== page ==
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Analyzing genomes with cumulative skew diagrams.

By A Grigoriev

Abstract

A novel method of cumulative diagrams shows that the nucleotide composition of a microbial chromosome changes at two points separated by about a half of its length. These points coincide with sites of replication origin and terminus for all bacteria where such sites are known. The leading strand is found to contain more guanine than cytosine residues. This fact is used to predict origin and terminus locations in other bacterial and archaeal genomes. Local changes, visible as diagram distortions, may represent recent genome rearrangements, as demonstrated for two strains of Escherichia coli . Analysis of the diagrams of viral and mitochondrial genomes suggests a link between the base composition bias and the time spent by DNA in a single stranded state during replication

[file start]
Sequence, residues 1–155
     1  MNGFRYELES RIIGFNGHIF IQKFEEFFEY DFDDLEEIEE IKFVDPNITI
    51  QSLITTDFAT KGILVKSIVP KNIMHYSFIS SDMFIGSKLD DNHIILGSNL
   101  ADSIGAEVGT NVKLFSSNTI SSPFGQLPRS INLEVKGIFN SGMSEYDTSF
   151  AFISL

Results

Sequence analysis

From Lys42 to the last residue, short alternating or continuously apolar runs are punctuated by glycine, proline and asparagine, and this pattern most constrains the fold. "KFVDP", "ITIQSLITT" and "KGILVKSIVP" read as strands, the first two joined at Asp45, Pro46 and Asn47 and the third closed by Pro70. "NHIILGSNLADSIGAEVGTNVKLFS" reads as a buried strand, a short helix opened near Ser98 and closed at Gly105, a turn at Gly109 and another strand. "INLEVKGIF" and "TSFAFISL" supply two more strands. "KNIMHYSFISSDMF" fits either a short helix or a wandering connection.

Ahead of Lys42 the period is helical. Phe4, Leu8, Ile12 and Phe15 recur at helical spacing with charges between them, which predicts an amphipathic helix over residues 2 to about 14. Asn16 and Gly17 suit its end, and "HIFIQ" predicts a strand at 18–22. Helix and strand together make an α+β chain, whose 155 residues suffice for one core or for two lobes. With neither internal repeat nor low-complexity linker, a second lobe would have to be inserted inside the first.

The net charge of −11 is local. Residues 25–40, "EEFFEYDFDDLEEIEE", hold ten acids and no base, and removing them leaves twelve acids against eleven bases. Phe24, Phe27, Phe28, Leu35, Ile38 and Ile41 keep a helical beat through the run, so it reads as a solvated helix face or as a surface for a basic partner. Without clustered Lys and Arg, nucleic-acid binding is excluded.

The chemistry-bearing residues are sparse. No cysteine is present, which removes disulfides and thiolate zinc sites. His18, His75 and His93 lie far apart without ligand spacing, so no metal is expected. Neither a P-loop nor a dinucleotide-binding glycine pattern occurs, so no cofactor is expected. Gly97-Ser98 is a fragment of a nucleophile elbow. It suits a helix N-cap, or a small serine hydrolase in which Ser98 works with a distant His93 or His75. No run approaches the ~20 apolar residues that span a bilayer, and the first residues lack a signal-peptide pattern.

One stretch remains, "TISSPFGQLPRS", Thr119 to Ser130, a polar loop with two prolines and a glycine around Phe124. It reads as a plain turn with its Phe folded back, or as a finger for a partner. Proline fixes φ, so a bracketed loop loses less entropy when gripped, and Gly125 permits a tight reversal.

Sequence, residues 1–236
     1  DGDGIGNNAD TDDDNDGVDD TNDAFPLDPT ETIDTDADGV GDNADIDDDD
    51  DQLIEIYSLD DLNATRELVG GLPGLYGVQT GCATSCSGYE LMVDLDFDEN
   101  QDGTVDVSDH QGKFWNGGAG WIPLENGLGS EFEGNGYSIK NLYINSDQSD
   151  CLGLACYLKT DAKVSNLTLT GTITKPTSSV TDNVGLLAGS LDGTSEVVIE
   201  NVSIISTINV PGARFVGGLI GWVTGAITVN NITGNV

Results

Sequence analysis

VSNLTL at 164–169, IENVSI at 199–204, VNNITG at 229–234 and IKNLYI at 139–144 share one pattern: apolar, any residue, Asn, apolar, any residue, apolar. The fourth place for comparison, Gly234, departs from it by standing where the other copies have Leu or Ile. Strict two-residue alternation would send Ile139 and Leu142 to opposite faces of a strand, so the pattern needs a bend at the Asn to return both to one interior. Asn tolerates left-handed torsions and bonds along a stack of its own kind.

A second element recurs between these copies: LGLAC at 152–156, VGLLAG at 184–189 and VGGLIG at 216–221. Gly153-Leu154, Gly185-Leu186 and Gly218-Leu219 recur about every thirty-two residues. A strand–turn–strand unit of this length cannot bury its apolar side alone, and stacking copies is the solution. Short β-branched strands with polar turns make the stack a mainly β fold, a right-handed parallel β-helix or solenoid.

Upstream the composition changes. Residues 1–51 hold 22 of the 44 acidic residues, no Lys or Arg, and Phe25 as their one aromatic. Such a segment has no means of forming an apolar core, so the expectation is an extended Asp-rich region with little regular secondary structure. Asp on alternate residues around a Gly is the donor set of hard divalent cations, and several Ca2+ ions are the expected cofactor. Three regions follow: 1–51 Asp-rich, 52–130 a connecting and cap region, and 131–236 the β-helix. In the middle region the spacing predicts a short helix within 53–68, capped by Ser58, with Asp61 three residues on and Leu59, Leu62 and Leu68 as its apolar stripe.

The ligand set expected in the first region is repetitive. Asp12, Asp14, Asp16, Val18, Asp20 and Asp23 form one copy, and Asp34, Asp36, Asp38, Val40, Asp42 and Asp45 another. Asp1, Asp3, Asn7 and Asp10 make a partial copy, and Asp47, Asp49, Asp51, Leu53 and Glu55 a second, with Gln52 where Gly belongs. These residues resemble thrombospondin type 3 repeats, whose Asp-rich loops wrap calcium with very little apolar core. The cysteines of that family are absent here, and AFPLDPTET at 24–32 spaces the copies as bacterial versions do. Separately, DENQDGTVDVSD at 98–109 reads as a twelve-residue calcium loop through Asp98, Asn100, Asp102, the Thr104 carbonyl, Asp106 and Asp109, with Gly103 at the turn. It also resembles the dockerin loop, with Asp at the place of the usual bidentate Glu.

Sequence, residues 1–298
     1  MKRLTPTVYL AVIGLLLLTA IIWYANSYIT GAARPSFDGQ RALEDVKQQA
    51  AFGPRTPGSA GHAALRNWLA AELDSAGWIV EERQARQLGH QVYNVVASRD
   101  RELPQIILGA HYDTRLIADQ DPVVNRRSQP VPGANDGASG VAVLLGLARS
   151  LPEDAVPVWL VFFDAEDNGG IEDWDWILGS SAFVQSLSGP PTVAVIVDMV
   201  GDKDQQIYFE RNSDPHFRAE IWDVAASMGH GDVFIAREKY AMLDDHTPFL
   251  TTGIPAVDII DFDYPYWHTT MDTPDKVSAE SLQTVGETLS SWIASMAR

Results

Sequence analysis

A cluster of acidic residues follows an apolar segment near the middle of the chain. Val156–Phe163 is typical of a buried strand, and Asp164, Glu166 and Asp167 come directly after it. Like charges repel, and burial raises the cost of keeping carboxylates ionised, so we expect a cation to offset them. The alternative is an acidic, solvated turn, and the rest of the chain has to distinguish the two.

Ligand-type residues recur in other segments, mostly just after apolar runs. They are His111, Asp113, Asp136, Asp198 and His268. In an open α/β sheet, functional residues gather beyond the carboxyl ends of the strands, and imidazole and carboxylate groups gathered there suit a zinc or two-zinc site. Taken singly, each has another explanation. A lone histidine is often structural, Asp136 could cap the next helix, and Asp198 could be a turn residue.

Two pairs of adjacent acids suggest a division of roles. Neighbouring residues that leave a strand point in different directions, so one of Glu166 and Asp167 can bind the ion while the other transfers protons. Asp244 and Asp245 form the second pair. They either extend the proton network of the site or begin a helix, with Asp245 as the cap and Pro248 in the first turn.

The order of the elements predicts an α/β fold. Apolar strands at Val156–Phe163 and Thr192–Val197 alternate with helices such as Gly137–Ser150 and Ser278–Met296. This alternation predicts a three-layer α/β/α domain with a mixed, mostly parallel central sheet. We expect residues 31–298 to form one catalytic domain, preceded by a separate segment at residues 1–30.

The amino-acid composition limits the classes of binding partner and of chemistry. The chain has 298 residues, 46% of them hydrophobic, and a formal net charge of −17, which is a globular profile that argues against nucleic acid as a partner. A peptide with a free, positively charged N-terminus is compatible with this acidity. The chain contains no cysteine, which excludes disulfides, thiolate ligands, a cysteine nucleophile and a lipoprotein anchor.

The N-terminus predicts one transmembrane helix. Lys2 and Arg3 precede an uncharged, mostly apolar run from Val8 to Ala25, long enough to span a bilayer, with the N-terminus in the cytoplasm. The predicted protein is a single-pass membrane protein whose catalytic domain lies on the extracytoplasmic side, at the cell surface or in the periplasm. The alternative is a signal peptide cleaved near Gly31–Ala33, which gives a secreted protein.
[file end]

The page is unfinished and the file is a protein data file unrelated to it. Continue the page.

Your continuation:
Topics: Research Article
Year: 1998
DOI identifier: 10.1093/nar/26.10.2286
OAI identifier: oai:pubmedcentral.nih.gov:147580
Provided by: PubMed Central
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